2. Give the tube feeding more slowly.
3. If the diarrhea does not stop after 2 or 3 days, call your doctor.


10. Dehydration

Vomiting, diarrhea, fever, and sweating cause the body to lose fluid. You may
no longer feel thirsty so you must be very careful to note the signs of
dehydration. If you have any symptoms listed below, call your doctor to find
out how much and what kind of extra fluid to give at these times.

 Decreased urine or darker colored urine
 Crying with no tears
 Dry skin that has no recoil when squeezed
 Fatigue or irritability
 Weight loss
 Feeling dizzy
 Dry mouth and lips
 Sunken eyes
 Headache

11. Constipation

 Constipation may be due to lack of fluids, lack of fiber in the diet or a side
effect of medicine.
 This is common in the elderly or those who are less active.
 If you have chronic constipation, call your nurse or doctor, they may have
you give extra water or change your formula. (Always check with your
doctor before giving extra water.)

Common Questions and Answers

Are there things I should keep in mind when I travel?

Take pack all the supplies needed for feeding: pump, pole, syringe, formula,
tubing, bottled water, tape, etc. Opened formula can be stored in a cooler in the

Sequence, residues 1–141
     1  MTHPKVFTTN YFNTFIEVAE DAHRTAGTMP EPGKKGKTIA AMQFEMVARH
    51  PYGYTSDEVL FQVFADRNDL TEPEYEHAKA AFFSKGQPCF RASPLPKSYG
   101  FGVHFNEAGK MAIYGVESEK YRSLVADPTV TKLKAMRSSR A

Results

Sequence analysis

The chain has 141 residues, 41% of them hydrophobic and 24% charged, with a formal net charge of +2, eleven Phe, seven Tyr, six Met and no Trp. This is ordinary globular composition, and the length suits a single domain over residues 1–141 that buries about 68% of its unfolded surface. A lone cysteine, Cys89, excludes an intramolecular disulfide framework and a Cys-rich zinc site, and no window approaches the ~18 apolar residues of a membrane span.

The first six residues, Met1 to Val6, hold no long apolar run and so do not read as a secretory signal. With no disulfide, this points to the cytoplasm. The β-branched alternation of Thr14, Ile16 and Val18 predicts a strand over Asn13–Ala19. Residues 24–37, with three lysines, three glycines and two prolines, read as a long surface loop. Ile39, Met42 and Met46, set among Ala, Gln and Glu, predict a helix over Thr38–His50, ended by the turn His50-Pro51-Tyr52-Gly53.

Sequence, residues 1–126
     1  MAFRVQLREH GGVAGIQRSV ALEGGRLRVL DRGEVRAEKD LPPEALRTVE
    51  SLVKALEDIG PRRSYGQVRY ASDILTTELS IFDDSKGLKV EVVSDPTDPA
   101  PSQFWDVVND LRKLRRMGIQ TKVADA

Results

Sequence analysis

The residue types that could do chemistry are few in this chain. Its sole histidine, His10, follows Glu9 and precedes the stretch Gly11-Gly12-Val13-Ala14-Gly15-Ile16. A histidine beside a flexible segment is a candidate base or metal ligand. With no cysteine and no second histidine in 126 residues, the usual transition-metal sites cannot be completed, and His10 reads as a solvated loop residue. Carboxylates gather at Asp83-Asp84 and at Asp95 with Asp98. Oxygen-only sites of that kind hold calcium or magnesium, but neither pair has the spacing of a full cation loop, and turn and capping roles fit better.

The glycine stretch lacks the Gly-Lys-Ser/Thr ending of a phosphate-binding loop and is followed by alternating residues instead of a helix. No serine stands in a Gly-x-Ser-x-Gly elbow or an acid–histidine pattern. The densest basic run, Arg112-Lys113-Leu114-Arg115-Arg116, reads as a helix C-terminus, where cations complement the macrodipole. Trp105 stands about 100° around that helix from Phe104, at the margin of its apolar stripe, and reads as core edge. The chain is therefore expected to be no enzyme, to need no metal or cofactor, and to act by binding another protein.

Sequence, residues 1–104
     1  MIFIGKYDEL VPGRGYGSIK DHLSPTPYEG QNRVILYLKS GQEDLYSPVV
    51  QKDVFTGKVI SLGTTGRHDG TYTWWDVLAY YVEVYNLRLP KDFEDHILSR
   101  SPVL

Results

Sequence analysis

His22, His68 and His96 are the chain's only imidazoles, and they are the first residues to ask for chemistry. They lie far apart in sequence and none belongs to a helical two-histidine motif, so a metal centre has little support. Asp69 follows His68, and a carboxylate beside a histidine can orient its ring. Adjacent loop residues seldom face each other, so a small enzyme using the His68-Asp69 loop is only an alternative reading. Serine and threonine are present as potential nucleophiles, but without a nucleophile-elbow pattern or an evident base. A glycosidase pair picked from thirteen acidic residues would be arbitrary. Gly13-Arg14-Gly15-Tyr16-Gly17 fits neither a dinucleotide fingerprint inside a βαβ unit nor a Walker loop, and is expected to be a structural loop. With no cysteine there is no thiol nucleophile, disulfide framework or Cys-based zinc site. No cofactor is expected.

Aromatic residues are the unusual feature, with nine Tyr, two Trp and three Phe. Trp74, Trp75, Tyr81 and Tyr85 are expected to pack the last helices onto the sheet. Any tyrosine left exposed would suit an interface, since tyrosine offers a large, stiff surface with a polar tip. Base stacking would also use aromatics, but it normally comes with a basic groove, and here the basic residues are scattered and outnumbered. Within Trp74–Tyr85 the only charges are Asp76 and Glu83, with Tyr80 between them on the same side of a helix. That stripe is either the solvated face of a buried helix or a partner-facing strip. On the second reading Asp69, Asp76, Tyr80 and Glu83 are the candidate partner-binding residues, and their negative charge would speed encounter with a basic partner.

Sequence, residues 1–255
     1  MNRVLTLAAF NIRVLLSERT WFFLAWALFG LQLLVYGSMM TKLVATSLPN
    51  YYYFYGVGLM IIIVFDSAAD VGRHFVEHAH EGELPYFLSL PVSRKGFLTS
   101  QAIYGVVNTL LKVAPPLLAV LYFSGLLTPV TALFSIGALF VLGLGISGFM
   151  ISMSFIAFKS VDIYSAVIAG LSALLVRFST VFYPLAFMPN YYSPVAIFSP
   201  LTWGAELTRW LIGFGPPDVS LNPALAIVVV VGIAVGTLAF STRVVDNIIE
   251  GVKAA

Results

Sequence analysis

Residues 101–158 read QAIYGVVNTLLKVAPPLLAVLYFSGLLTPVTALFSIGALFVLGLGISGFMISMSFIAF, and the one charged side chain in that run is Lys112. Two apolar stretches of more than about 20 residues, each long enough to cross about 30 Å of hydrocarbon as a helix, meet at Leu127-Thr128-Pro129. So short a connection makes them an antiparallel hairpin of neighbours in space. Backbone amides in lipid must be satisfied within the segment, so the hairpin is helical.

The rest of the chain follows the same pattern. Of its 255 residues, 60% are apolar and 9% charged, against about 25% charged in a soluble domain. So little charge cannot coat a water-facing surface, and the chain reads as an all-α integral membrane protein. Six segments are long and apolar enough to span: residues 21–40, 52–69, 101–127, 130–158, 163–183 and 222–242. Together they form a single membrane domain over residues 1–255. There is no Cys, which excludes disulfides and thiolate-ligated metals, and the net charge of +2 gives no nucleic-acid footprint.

summer to prevent spoilage. A small canvas bag that is always filled with
supplies needed for travel may be helpful.

Can I sleep on my stomach?

Yes. After the tube site has healed, most people are quite comfortable on their
stomachs. You should not sleep on your stomach during a feeding or within 1
hour after the feeding.


You will receive supplies for the feedings and care for the J tube through the
hospital or home care. It depends on the situation and doctor’s orders. You will
need to contact the Home Health agency for more supplies when you are at home.

Phone Numbers

Please call if you have concerns or questions.

Doctor: Phone Number: ______________
Local Doctor: Phone Number: ____________
Nurse: Phone Number: ______________
Dietician: Phone Number: ______________
Vendor: Phone Number: ______________

Your health care team may have given you this information as part of your care. If so, please use it and call if you
have any questions. If this information was not given to you as part of your care, please check with your doctor. This
is not medical advice. This is not to be used for diagnosis or treatment of any medical condition. Because each
person’s health needs are different, you should talk with your doctor or others on your health care team when using
this information. If you have an emergency, please call 911. Copyright © 6/2017 University of Wisconsin Hospitals
and Clinics Authority. All rights reserved. Produced by the Department of Nursing. HF6102.